Winner speaks frankly about the things that brought her to “the  middle”—her divorce and the death of her mother—but she never indulges. Instead, her honesty about the uncomfortable realities of life and faith—the unresolved, the disappointments, the mysterious, the gray, the hopeful, the routine, the failures, the valiant efforts—give this book a more conversational and intimate feel than any of her others. It feels more grounded, more relatable. 

 Winner does a masterful job of providing images and stories with which to understand “the middle”—a face jug lost in the divorce, a pie social at church, a protest at Immigrations and Customs Enforcement, an elderly couple sharing communion, a Purim celebration, a prayer, a poem, a bookstore in Machester-by-the-Sea. She incorporates just the right amount of poetry into her story—from Ann Sexton, Emily Dickinson, and W.S. Merwin, among others—and tempers this with frank and funny stories about with which any person of faith can relate.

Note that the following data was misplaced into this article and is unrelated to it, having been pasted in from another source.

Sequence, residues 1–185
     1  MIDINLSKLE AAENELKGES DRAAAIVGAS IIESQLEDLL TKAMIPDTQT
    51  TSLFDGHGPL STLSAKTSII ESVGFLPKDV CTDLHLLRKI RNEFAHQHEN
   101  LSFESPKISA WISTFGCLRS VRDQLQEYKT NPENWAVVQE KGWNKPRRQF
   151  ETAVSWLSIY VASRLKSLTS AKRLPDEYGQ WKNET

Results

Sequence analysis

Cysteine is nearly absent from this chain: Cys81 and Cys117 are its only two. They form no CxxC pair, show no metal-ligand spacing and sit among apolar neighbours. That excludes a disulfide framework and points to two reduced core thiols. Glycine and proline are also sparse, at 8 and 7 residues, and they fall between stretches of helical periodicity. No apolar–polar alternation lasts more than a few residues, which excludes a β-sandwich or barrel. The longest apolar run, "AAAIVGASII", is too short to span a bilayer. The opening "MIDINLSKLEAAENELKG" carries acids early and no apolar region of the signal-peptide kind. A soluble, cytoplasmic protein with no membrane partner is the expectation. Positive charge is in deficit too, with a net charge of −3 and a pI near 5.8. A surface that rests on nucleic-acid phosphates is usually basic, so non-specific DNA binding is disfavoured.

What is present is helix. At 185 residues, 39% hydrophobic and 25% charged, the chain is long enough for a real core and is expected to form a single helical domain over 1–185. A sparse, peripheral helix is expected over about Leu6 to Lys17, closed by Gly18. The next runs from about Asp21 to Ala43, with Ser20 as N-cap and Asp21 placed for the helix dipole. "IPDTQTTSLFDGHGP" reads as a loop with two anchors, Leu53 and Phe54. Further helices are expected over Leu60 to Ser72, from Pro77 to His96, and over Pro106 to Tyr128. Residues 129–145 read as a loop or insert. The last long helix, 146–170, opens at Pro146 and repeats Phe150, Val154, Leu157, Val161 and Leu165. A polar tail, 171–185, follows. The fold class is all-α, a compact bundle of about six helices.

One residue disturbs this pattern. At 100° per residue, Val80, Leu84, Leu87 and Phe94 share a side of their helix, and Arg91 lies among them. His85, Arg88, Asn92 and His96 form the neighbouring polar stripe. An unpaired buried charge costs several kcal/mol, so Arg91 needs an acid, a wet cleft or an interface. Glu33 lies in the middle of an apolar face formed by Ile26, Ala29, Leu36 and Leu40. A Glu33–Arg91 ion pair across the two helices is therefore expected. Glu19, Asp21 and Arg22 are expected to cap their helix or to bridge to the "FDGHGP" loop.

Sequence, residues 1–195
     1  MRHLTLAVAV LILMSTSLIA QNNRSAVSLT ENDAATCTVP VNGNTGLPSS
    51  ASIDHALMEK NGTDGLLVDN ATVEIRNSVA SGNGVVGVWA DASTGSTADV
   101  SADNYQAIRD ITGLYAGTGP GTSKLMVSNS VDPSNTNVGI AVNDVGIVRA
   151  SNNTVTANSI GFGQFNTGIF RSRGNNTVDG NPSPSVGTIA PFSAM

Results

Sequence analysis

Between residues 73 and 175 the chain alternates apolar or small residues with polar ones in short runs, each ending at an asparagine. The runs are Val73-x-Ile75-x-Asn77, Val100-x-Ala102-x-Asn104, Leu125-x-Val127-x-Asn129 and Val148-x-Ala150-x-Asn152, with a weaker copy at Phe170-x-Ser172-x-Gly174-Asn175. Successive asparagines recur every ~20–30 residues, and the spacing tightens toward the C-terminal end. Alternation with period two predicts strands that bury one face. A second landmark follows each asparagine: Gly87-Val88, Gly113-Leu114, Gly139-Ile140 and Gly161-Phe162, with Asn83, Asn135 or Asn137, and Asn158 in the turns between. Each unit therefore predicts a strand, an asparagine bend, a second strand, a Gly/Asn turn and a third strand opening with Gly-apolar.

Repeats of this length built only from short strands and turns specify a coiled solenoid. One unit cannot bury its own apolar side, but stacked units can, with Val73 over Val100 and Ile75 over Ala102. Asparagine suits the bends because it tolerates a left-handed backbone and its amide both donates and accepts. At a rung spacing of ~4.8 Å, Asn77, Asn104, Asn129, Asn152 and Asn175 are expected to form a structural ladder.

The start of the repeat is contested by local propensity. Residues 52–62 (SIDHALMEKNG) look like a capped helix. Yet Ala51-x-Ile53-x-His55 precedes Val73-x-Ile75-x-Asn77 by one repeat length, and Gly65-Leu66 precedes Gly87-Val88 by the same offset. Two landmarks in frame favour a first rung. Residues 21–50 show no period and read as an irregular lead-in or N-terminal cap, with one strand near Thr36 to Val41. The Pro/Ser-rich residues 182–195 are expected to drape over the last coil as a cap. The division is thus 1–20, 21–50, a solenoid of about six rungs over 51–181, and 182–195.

But what has surprised me the most about Still—(I still have about a quarter of the book left to read)—is how challenging I’ve found it. The chapter entitled “Busyness During Lent,” Winner writes this: 

“Busyness is the new sloth...Busyness, my BlackBerry, the feeling of never being caught up, the fantasies about myself that busyness fosters—this busyness is just as disorienting, just as deadly as the traditional seven....I am too busy to go to church, too busy to pray; there’s not enough time to pray, not enough time to hold body together, let alone soul. I am too lazy to do what’s important, or hard, so I stay busy with everything else.” 

That last line has lodged itself in my brain and will not come out. It changed how I made some of my decisions this week, and I’m grateful.